These 2 FTSE 100 stocks have thrashed the market but are they too expensive now?

These two FTSE 100 stocks have delivered rip-roaring growth in recent years but are they now too expensive for me to buy as a result?

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While many FTSE 100 stocks have struggled lately, these two growth monsters have been busy making investors rich. Mining giant Antofagasta (LSE: ANTO) and plumbing and heating products distributor Ferguson (LSE: FERG) have grown an astonishing 168% and 64% respectively over the past 12 months.

This isn’t just a Covid-19 quirk. Measured over five years they are up 238% and 136% respectively. Both published results today, and both reported a further jump in profits. I think Antofagasta and Ferguson are two of the most exciting stocks on the FTSE 100, but as ever in life there is a catch.

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You can probably guess what it is, too. After such barnstorming growth, these FTSE 100 stocks are looking a little expensive. So would I buy them today?

Both shares are recovery plays

Underlying full-year profits at Chile-focused copper miner Antofagasta jumped 12.3% last year to $5.12bn, on revenue growth of 3.3%. Sales volume fell, but copper and gold prices compensated by rising around 25%. Profits were further boosted by “the weaker Chilean peso, lower input costs and continued tight cost control”, management said. EBITDA margins increased from 49.1% in 2019 to 53.4%.

Antofagasta’s 2020 dividend totalled to 54.7 cents, up 22% on last year, easily beating analyst expectations. The 1.7% forward yield may look low compared to some FTSE 100 mining stocks, but it is covered 2.8 times earnings. Naturally, with all that share price growth, dividends have struggled to keep pace.

As with any metals or minerals commodity producer, Antofagasta relies on a booming economy to support demand. Many investors have been buying in anticipation of a strong post-pandemic recovery. Currently, it trades at 44 times earnings, but with a forward valuation of just 22 times. If the recovery disappoints, Antofagasta’s share price could go into reverse. 

I’m relatively optimistic about the wider recovery, but I think the Antofagasta share price has raced ahead of many FTSE 100 stocks, and I might watch and wait for now.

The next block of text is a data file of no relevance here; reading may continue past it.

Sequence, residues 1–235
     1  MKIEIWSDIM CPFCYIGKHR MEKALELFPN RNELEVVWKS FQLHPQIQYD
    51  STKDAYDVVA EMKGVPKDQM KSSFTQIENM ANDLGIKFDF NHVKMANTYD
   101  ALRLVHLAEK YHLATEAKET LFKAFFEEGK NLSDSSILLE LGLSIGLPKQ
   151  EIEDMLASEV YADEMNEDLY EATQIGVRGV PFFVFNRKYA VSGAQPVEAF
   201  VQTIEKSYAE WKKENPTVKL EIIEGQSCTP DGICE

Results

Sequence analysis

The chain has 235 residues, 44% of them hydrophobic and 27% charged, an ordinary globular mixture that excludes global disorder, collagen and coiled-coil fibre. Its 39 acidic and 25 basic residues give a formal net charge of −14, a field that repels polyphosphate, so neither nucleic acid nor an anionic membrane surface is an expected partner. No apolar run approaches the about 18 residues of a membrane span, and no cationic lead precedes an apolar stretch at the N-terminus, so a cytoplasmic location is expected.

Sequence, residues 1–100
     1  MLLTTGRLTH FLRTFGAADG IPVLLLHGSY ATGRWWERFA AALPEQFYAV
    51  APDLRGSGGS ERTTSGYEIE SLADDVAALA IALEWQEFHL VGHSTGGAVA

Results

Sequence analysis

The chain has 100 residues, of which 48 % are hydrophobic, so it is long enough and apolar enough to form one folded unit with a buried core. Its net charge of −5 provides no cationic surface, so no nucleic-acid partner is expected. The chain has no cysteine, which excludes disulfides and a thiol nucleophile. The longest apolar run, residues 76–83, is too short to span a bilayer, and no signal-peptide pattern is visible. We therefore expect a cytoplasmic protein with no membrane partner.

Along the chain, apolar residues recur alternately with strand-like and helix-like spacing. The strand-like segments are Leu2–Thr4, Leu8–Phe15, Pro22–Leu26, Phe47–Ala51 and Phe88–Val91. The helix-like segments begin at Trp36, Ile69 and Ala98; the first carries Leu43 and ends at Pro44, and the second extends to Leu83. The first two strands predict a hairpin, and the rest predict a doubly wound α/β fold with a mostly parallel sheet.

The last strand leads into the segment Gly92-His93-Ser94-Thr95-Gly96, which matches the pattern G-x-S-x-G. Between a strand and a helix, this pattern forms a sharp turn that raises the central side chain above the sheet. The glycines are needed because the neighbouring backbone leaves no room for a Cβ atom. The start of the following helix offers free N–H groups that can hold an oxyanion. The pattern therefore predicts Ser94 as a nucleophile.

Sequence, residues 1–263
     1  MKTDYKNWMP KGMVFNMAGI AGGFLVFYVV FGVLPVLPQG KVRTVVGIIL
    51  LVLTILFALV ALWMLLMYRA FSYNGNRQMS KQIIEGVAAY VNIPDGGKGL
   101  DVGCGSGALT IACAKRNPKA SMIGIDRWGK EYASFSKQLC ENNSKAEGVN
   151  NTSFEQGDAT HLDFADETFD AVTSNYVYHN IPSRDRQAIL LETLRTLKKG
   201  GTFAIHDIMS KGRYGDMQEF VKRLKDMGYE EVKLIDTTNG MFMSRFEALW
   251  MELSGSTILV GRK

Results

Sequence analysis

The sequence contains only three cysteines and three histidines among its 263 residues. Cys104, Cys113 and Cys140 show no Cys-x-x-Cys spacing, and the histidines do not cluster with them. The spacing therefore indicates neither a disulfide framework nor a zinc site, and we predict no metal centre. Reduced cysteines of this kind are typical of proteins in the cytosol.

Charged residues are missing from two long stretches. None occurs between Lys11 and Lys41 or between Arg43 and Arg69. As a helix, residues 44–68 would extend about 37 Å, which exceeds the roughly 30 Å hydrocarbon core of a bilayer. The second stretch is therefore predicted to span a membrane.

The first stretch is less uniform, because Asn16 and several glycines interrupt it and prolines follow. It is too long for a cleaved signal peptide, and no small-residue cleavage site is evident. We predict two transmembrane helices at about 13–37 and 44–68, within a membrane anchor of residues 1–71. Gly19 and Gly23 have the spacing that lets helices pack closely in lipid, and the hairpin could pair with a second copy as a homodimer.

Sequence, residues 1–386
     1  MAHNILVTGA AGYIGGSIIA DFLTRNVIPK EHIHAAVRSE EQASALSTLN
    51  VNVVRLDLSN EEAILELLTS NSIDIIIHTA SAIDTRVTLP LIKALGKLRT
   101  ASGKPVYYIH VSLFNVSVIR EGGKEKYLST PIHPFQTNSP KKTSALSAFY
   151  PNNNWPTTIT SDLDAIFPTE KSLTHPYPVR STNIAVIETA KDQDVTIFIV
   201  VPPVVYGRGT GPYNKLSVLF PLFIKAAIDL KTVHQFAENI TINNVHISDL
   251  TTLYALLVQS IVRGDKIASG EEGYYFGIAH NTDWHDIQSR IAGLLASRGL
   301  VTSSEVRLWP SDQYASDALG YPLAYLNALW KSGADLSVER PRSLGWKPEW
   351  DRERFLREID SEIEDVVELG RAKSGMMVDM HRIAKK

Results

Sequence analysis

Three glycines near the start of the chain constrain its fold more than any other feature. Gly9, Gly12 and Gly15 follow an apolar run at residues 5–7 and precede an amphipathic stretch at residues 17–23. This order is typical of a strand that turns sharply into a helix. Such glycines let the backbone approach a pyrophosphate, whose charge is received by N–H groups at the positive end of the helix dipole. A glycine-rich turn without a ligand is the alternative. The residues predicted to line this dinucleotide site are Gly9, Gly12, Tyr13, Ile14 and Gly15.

Ferguson, formerly known as Wolseley, is also benefiting from recovery hopes, particularly in the US, where the company mostly operates. 

These FTSE 100 stocks are flying

The group posted a 12.2% rise in underlying half-year trading profit. Revenue rose 4.2%, despite one fewer trading day. Management put this down to “excellent cost control”It also hailed “good operating cash generation and [a] very strong balance sheet”. Ferguson still has an eye on growth, investing $224m in four first-half acquisitions. However, management dampened expectations by flagging up a “very uncertain” second-half outlook, amid supply chain pressures.

It also warned of “increasing supply chain pressures, transportation costs and the reversal of temporary cost reduction actions” during the first lockdown. So there are potential setbacks here, which could hit the share price hard because it is also expensive, trading at 21.8 times forward earnings.

Ferguson’s forward yield is 1.8%, covered 2.6 times. As with Antofagasta, rapid share price growth makes its dividends look less generous than they really are. This is still a top FTSE 100 income stock. Ferguson also treated shareholders to a $400m buyback, following the sale of Wolseley UK.

I like both FTSE 100 stocks, but marginally favour Ferguson. US President Biden’s $1.9trn stimulus splurge should give it a lift, along with the rest of the US economy. Let’s just hope that recovery arrives soon.

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Harvey Jones has no position in any of the shares mentioned. The Motley Fool UK has no position in any of the shares mentioned. Views expressed on the companies mentioned in this article are those of the writer and therefore may differ from the official recommendations we make in our subscription services such as Share Advisor, Hidden Winners and Pro. Here at The Motley Fool we believe that considering a diverse range of insights makes us better investors.

Should you invest the value of your investment may rise or fall and your Capital is at Risk. Before investing your individual circumstances should be considered, so you should consider taking independent financial advice.

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